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Publication numberUS2931269 A
Publication typeGrant
Publication dateApr 5, 1960
Filing dateDec 14, 1955
Priority dateDec 17, 1954
Publication numberUS 2931269 A, US 2931269A, US-A-2931269, US2931269 A, US2931269A
InventorsGenie Anne Henri Jacques De La
Original AssigneeGenie Anne Henri Jacques De La
Export CitationBiBTeX, EndNote, RefMan
External Links: USPTO, USPTO Assignment, Espacenet
Projection screen with reflex light-transmission
US 2931269 A
Abstract  available in
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Claims  available in
Description  (OCR text may contain errors)

April 1960 A. H. J. DE LAssus s1. esmzs 2,931,269

PROJECTION SCREEN WITH REFLEX LIGHT-TRANSMISSION Filed Dec. 14. 1955 2 Sheets-Sheet 1 BY i ATTORNEYS April 1950 A. H. J. DE LASSUS s1. GENIES 2,931,269

PROJECTION SCREEN WITH REFLEX LIGHT-TRANSMISSION Filed Dec. 14, 1955 2 Sheets-Sheet 2 INVENTOR BY 4' ATTORNEYS United States Patent PROJECTIONSCREEN wrm REFLEX LIGHT-TRANSMISSION Anne Henri Jacques de Lassus St. Genies, Paris, France Application December 14, 1955, Serial No. 553,138 Claims priority, application France December 17, 1954 4 Claims. (Cl. 88-289) The present invention relates to new improved projection screens for motion pictures or slides.

It is known that a diffusing surface observed by transparency is likely to delimit in the theater a rather narrow zone wherein the projected images appear with uni form brightness over the whole screen area. This zone has for synmmetrical plane the vertical plane perpendicular to the screen containing the axis of the projector lens and does not extend very far on both sides of this plane. If extending of this zone is sought by increasing the diffusing power of this surface, this is accompanied by a drop in the transmission of light.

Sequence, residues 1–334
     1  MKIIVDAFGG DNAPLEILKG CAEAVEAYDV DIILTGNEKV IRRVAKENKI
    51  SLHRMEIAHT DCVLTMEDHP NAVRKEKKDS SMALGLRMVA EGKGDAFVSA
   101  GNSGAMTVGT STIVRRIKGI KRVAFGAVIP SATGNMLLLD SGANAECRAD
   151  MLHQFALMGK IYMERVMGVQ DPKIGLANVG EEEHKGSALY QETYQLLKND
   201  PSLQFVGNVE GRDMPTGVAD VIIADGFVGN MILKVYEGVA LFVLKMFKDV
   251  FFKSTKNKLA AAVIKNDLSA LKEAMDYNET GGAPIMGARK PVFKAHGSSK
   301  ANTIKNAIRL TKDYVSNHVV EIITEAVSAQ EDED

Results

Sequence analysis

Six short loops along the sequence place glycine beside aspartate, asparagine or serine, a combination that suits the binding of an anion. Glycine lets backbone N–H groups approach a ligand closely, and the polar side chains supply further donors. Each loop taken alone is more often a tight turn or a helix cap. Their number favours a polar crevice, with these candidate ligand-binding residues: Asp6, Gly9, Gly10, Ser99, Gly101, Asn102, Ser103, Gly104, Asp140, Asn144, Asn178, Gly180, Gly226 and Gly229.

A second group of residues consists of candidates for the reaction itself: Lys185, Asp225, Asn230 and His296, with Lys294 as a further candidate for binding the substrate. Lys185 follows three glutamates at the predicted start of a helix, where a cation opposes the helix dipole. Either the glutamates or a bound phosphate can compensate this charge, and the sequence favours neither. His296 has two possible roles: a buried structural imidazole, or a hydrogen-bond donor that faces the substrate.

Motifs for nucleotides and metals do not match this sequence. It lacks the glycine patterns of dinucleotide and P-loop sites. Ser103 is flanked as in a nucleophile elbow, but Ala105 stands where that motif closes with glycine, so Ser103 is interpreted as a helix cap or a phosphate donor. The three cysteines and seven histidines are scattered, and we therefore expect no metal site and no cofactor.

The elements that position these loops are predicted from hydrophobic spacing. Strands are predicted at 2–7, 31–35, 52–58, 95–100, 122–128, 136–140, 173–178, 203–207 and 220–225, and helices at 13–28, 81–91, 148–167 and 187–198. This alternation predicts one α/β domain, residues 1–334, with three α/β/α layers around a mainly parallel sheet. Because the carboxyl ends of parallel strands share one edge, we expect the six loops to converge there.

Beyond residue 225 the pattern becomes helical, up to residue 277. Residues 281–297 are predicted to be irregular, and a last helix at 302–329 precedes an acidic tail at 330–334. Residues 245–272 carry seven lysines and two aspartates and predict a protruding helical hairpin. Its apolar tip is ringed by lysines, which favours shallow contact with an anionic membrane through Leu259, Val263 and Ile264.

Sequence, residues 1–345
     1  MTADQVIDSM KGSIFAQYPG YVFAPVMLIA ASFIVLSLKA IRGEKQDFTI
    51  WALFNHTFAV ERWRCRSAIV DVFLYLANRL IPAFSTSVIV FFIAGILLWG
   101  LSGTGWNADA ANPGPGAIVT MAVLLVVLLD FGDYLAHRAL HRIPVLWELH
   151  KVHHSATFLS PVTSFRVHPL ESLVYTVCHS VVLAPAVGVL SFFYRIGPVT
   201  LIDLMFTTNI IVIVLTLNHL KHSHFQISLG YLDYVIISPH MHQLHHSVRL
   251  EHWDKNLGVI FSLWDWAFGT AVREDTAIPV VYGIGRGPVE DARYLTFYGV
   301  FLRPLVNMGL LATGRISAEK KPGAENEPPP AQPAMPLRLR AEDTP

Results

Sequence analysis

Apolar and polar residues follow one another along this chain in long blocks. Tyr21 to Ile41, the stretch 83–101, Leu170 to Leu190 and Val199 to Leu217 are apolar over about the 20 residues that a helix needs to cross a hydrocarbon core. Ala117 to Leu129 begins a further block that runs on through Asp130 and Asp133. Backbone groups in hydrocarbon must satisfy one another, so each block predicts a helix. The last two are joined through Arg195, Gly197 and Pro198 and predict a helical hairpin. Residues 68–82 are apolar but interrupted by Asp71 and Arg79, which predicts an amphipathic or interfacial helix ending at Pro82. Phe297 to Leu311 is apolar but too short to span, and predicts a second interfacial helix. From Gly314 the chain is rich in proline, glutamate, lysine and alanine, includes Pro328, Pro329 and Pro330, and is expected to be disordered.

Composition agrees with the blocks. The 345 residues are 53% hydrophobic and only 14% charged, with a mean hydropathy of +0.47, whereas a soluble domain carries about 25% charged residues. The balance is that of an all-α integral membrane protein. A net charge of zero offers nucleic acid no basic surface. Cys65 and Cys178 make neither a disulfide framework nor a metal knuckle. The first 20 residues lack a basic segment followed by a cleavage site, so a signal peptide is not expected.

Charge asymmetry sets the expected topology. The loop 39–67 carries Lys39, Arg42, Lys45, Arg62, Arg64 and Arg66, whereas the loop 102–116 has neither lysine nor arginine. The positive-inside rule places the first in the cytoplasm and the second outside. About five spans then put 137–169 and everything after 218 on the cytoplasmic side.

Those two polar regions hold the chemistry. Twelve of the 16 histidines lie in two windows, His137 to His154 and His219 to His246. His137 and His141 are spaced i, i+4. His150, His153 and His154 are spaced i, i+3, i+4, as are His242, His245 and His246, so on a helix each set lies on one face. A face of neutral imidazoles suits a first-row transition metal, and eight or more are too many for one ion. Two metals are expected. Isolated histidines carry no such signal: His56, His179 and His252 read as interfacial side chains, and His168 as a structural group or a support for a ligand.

It has been disclosed in the prior art to provide a device having a cellular or channeled screen adapted to receive and reproduce in light, shade and color, objects or forms projected thereon from behind. Such a device has a uniform structure throughout its area and cannot produce an evenly illuminated surface when a divergent beam of light, i.e. of a projector, covers the screen.

It is proposed to palliate these drawbacks of the dif fusing surfaces to be viewed by transparency, as known in the art, in the following way:

It is an object of the invention to build a projection screen with reflex light transmission in which the light is evenly distributed over the whole screen area as seenby an observer. This "object is accomplished by forming a screen of the nature specified with two symmetrical parts with respect to the projector axis and with varying inclination and width of the reflector members in relation to their distance from the said axis.

Fig. l is a sectional view of a screen with reflection members;

Figs. la and lb are respectively a diagrammatic view in cross section and elevation of a small portion of the reflection member assembly of Fig. 1.

Fig. 2'is a diagrammatic cut in a pile of reflector sheets which must be cut in bul k to form a screen.

Fig. 3 is a vertical cross section of a symmetrical screen, according to the invention.

Fig. 3a is a cut away section of a screen according to the invention.